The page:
A "thank you" and flowers: cheap recognition programs that work
Budgets might be tight, but managers looking to retain their top talent and maintain morale should continue to reward deserving workers, according to Kelly Services MD James Bowmer, and they can do it on the cheap.
Recognise the three types of workers - with flowersPersonal development expert Helen Mac, of Macs Results, says that employers should be careful not to only reward their "superstars".
There are three types of high-performers, Mac says:
In addition to profits or sales, Mac says, workers should be recognised for customer service, teamwork, dedication or effort.
And there are "great opportunities for light-hearted cheap and cheerful rewards along the way".
One organisation, she says, awards a bunch of flowers to an employee on Monday morning in appreciation of his or her efforts over the previous week. The employee, after an hour or two, then hands the flowers on to a helpful or deserving colleague, and the bouquet continues to be passed around for the duration of the life of the flowers.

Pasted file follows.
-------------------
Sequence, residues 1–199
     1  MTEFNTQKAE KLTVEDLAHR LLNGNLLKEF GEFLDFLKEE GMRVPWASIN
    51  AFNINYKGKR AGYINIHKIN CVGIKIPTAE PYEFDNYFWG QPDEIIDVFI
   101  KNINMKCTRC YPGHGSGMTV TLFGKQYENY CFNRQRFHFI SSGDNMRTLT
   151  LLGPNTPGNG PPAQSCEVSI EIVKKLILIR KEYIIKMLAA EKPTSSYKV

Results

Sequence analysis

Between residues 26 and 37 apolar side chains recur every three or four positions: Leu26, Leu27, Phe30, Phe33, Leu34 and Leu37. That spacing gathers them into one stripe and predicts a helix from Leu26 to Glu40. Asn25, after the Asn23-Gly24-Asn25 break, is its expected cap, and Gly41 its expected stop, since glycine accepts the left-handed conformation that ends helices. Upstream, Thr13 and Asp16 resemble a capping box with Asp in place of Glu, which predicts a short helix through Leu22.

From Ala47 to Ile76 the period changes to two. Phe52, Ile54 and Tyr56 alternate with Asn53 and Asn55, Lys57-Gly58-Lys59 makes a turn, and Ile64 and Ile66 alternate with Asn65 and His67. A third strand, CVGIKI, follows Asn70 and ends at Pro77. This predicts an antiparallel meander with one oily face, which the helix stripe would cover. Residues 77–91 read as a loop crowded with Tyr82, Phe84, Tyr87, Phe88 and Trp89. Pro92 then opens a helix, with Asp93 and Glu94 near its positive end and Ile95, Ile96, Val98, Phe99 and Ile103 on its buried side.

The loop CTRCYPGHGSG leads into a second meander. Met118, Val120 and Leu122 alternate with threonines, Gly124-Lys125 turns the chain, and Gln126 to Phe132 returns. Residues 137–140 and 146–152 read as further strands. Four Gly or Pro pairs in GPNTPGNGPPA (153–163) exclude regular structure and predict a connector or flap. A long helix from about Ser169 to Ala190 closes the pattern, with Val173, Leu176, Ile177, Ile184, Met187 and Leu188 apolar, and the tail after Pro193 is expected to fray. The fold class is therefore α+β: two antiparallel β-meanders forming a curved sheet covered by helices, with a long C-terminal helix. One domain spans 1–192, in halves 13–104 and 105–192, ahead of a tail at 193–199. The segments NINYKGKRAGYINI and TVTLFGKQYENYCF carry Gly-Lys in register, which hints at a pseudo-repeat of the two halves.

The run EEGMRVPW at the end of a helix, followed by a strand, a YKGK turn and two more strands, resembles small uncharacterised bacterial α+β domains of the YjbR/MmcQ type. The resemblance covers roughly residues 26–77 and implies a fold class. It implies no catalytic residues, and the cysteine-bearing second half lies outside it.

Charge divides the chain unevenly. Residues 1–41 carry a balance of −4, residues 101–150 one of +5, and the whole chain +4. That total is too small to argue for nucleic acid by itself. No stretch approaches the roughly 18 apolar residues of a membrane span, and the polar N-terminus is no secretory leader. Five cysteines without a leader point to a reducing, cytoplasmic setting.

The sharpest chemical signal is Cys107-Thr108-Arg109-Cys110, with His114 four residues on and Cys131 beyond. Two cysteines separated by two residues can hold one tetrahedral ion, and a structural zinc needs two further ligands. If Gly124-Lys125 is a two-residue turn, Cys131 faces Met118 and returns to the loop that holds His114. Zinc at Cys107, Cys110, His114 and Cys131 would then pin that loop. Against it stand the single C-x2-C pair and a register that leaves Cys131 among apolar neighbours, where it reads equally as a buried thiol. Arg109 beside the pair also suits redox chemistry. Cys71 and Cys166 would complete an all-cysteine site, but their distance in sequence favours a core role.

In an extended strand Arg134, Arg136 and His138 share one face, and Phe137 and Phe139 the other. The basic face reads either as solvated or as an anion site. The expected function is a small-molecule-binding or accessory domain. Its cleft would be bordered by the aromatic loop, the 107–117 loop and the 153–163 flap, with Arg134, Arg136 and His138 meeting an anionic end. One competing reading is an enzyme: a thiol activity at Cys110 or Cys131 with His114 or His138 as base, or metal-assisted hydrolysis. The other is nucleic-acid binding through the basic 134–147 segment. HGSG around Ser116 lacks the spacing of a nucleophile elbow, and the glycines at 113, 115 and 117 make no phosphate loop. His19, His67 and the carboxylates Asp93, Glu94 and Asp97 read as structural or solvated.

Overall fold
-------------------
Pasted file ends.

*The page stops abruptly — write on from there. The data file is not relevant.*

Handwritten cards of appreciation are also "powerful" compared to emails, Mac says, and employers handing out lollies will be "treated like Santa Claus".
Verbal commendation, however, is particularly important, she says.
"It's surprising how powerful verbal praise is."
Employers should praise in public (and critique in private), Mac says, and refer to specific, deserving individuals when commending a team's performance at staff meetings or other workplace functions.
Reward or punishment?According to Bowmer, one employee's prize is another's punishment.
"For example, an employee who enjoys being personally recognised by his or her supervisor might be pleased if the boss invites him or her to lunch," he says. "For another employee, spending his or her lunch hour with the boss might be viewed as an imposition on personal time."
Employers, therefore, should customise reward types based on individual preferences. They should keep a number of ideas in their "bag of tricks" so that they can choose the appropriate reward or incentive as each situation arises.